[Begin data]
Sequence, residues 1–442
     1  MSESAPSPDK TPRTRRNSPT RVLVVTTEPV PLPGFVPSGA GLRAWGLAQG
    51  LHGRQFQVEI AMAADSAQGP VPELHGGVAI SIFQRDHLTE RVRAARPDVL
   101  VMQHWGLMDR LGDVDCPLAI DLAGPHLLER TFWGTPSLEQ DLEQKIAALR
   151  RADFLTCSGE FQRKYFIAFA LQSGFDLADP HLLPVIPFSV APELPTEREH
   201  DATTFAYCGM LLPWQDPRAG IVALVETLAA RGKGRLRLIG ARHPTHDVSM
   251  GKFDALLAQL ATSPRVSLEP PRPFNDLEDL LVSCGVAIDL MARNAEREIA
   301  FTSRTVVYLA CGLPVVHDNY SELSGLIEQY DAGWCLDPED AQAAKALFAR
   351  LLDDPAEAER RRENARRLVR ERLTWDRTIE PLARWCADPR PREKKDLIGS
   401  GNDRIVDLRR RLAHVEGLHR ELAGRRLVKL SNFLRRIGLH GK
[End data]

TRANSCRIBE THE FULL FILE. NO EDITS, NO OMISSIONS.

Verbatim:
Sequence, residues 1–442
     1  MSESAPSPDK TPRTRRNSPT RVLVVTTEPV PLPGFVPSGA GLRAWGLAQG
    51  LHGRQFQVEI AMAADSAQGP VPELHGGVAI SIFQRDHLTE RVRAARPDVL
   101  VMQHWGLMDR LGDVDCPLAI DLAGPHLLER TFWGTPSLEQ DLEQKIAALR
   151  RADFLTCSGE FQRKYFIAFA LQSGFDLADP HLLPVIPFSV APELPTEREH
   201  DATTFAYCGM LLPWQDPRAG IVALVETLAA RGKGRLRLIG ARHPTHDVSM
   251  GKFDALLAQL ATSPRVSLEP PRPFNDLEDL LVSCGVAIDL MARNAEREIA
   301  FTSRTVVYLA CGLPVVHDNY SELSGLIEQY DAGWCLDPED AQAAKALFAR
   351  LLDDPAEAER RRENARRLVR ERLTWDRTIE PLARWCADPR PREKKDLIGS
   401  GNDRIVDLRR RLAHVEGLHR ELAGRRLVKL SNFLRRIGLH GK